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Since the 1960s, society overall has become much more lenient on many different issues. Before the 60s, people were shunned if they cursed in public. Now itís not uncommon to see someone on national TV say the "a" or "d" words. Violence also wasn't a very important issue in the 60s, but now it's everywhere you look. In many major cities, it's normal to view violence on the nightly news!

Every generation tries to look at itself and see what parts of life could be changed for the better. There's usually going to be some certain thing that's blamed, at the time, for "society's breakdown." In the 60s, it was rock music! Nothing was worse than a man who swung his hips on national TV! Clothes, protests, bellbottoms, acid rock, and disco, and many other things were to blame for the problems of the 70s. Though the 80s didn't have nearly as many problems as the previous two decades, the problems it did have were blamed on television. The idiot box was supposedly one of the causes of the drug problems, increased violence, and general 'slacker' attitude of teenagers.

Now that the 90s are almost at a close, we're starting to pick apart what went wrong in our generation. The buzz word of the 90s has been technology since so many new things were invented in this decade. Of course, some of these things have been branded as evil, just like rock 'n roll and disco before them. I can name one of the big things that you've probably heard about before in a negative light: video games.

Yes, video games have been called the scourge of the 1990s. Games such as Mortal Kombat, Diablo, and Night Trap reportedly have desensitized our nation's youth to violence, as well as kept them begging to stay up past their bed times "just ten more minutes!" They've also been shrugged off as being nothing more than a cheap money-making scam that isn't much more than a technology-driven comic book.







One situation where video games have been a scapegoat was the Jonesboro, Arkansas, shootings. One city official stated that he thought video games were to blame for the way the two boys acted. Apparently both kids were avid video game fans and it made sense, in this official's mind, that those games encouraged violence to brew in the boys.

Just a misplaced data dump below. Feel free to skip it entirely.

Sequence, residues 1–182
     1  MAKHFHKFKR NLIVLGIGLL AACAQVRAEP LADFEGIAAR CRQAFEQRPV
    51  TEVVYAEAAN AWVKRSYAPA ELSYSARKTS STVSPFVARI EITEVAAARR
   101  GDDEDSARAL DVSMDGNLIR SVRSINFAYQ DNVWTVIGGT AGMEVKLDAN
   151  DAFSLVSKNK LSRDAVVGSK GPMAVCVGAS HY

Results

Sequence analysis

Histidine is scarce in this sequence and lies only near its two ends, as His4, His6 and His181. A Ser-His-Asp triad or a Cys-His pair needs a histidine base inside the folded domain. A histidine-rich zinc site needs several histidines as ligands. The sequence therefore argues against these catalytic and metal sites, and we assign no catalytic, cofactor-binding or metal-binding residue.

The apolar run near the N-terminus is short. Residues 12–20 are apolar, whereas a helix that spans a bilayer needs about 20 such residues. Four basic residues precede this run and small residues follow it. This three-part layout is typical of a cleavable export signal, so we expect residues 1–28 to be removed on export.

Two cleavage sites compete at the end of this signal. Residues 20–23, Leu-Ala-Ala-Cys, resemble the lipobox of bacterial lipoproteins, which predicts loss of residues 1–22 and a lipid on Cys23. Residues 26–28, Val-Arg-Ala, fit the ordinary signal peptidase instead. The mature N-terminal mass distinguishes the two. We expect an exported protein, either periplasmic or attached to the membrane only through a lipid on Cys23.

Although this explanation sounds like a reason to ban video games from toy store shelves, people usually overlook a simple fact. Very strange behavior, whether it be playing too many video games, having an obsession with guns, or watching too much TV, usually stems from a bigger, more important problem. In some places in the south, guns are used from an early age on, and people who think "outside the box" usually get treated like an alien.

You may think I'm trying to say that video games had no influence on the Jonesboro kids' behavior at all. You're pretty much right. If you remember back in the early 90s, the big stir was violent cartoons. Teenage Mutant Ninja Turtles was drawing all kinds of attention and news articles because it had cartoons doing realistic violence. I am proud to say that I thought the Ninja Turtles were awesome! Maybe I still do...But I am proof that television in your childhood won't always influence you later on in life. I've never really had the urge to jump kick someone I didn't like, and I've never wielded a katana blade!

Of course, I know that things like video games, TV shows, etc. that mean well don't always come off as that. Sometimes they will influence a kid or teenager to do something they'll regret later. To that end, I think the best way these things can be prevented is from smart parenting.







I know, I'm starting to just sound like some guy who'd give a seminar down at the Radisson Inn, but it's true. If one of the parents would've sat down with the boys early on in life and told them that guns are not toys and they shouldn't touch them unless an adult is around, the shooting might've been avoided. We can't forget that the teens who did this are responsible for their own actions. Even a kid who's eleven years old knows that opening fire on another human is wrong. So what's the explanation for them doing something like that? A mixture of the issues I already talked about, plus things that just are unexplainable.

After reading this article, some people may want to tap dance on my head for saying some of the things I said. Remember, though, that this is an 'opinion' column, and that means it's my opinion, not necessarily yours or anyone else's. Of course, I do not take any responsibility for anything my article influences someone to do...hmmmm...



Note to Frederic Smith:



Sorry that I was a day late...kinda forgot on Saturday since I was at the Germans from Russia conference for part of the day. Whoops! Anyway, hope you enjoy!



Karl Becker


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